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A quick one: can you use 18 gauge nails for baseboards?
Now, usually, the best nails to use for baseboards is, in general, 16 ga finish nails on the account of their better holding power compared to 18 gauge nails.
But you could run out of 16 ga nails in the midst of the project and you have a nailer that fires both 16 ga and 18 ga brads and you have a bunch of brads around..
So, can you use 18 gauge nails for baseboards really?
Well, the answer is yes and no…read on to find out what I mean.
Can you use 18 gauge nails for baseboards? Long answer
Now, it is not a good idea to use 18 gauge nails for baseboards due to their weaker holding strength..
They’re not just adequate because of their almost-zero head on top- the truth is 18 ga nails lack the necessary hold for baseboards, no matter how you look at it.
But there’s one major exception to the above rule..
Now, 18 gauge nails will probably work just fine If you have (note this please) straight walls..to be sure of this, you need to check if the boards are sitting flush against your walls.
If that is the case, the caulk is likely to hold your baseboards almost better than the nails so you can go ahead and use your 18 gauge fasteners.
If your base is 1/2” and your straight drywall is 1/2” too, then with a 2” 18ga brad nail you will have about 1” of a very fine nail going into the framing which can be enough.
Keep in mind that the maximum nail length for 18g is typically 2”.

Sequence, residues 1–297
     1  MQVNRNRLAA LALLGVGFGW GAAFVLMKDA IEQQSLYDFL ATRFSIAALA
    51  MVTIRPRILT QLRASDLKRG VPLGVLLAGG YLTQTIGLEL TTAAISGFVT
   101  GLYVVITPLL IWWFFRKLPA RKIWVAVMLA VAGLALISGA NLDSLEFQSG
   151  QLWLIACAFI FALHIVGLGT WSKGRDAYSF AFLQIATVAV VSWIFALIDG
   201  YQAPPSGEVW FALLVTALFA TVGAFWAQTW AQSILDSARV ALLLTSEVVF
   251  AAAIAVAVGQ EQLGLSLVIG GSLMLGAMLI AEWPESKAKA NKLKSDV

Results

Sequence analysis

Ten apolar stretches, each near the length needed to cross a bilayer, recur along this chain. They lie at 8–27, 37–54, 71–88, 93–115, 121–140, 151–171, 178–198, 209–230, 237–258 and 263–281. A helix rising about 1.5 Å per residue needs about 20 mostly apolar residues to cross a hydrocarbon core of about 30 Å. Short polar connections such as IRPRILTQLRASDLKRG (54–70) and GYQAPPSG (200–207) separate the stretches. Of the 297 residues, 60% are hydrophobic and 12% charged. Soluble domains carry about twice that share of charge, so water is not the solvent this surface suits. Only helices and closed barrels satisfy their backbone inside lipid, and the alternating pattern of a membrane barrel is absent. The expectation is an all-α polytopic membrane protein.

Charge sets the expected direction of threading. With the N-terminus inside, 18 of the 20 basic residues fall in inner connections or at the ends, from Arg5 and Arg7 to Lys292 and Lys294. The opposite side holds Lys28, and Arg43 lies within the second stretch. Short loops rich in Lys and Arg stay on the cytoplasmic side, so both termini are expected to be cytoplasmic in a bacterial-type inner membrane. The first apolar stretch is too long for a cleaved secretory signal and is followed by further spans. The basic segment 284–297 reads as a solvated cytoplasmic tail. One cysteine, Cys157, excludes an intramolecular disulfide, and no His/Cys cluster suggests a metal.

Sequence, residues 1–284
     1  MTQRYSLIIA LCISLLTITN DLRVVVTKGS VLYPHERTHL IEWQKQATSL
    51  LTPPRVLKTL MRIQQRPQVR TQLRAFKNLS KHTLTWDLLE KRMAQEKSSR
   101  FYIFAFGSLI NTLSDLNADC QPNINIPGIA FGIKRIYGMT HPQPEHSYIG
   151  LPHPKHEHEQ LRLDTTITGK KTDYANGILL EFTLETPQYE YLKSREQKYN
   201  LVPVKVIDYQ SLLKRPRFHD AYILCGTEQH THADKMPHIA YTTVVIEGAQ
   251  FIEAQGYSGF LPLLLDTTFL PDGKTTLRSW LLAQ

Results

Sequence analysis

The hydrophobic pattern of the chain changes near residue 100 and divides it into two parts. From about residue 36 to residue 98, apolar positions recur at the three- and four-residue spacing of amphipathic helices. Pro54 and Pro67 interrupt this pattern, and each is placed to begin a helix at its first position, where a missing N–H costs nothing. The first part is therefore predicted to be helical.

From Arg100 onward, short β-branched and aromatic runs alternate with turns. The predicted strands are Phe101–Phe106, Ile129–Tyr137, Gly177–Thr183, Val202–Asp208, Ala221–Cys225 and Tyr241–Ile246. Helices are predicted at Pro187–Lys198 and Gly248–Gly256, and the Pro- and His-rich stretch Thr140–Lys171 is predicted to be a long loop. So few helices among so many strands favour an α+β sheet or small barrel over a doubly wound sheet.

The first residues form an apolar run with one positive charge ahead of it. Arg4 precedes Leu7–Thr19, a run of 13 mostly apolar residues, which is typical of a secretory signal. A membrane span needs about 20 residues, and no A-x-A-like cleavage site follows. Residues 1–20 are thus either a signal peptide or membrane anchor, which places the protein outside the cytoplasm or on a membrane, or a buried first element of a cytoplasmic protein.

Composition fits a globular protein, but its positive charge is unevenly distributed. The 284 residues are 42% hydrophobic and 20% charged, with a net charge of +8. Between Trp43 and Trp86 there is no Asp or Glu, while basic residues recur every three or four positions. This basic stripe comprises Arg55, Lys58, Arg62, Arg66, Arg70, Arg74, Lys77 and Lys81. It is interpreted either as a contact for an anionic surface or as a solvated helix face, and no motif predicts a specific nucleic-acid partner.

But if you notice gaps in any area/spot between your wall and baseboard, then it is unwise to use the 18ga brads.
You should instead bring out your 16 finish nailer and use it to shoot the longest 16ga fastener you have into the boards- the idea here is obviously to press it flush.
Bonus tip: once you do this- that is you have run a sufficiently long nail until it sits flush, be sure to add 1-2 extra nails. This helps keep it from pulling away (slowly) over time.
So to cut a long story short….
18 ga nails are excellent for smaller/thinner/ more delicate projects (think about fastening scotia, cove, bullnose modelings, delicate trim joints, shoe molding, and the like) and not baseboards mainly due to their smaller gauge.
In fact, 18ga nails are perfect for anything material around 1/2″- the holes are, of course, nice and small..
On the other hand, if you’re working on 3/4″ thickness, you really want 16 ga finish nails. Use a narrower gauge and you risk the trim pulling away mainly because of seasonal moisture changes.
A Practical Illustration
If your baseboard is >1/2” then you should stick to 16g nails, say 2 1/2” long (they make longer 16g fasteners anyway and I have seen 3 1/2” long 16g finish nails).
Okay, I know that the holes 18g nails leave are pretty small and super easy to fill but the thing is, 16g is the way to go when it comes to baseboards.
It’s bigger, sure which means some extra filling work sometimes but its larger size is what makes it produce a better hold.
I should mention that 18ga nails are terrible to hammer too by hand (if you might want to try it)- they are literally like a needle across thus they bend annoyingly easily.
What gauge nails to use for baseboards? Recap
Overall, using 18 gauge nails for baseboards is not exactly advisable- you will find 16ga finish nail’s pulling and holding power/strength far better than 18ga’s
Sure, it will leave a significantly bigger hole to fill but you could still need to fill + hide with 18ga nails anyway.
And, just to add, a lot of folks use 2” to 2-1/2” 16ga nails for baseboards for long-term holding power (always be guided by the board’s thickness).
In contrast, then 18g nails are usually better for light trim work, for example, inside edge of base/casing though I have seen some done all their baseboards with 18ga nails (Can you recall the exception?).
PS: If installing baseboard, crown-molding, trim, etc. using a finish nailer (and the right length finish nails) I suggest you also use some construction adhesive too. That way, you can be sure it is going to hold/last for years.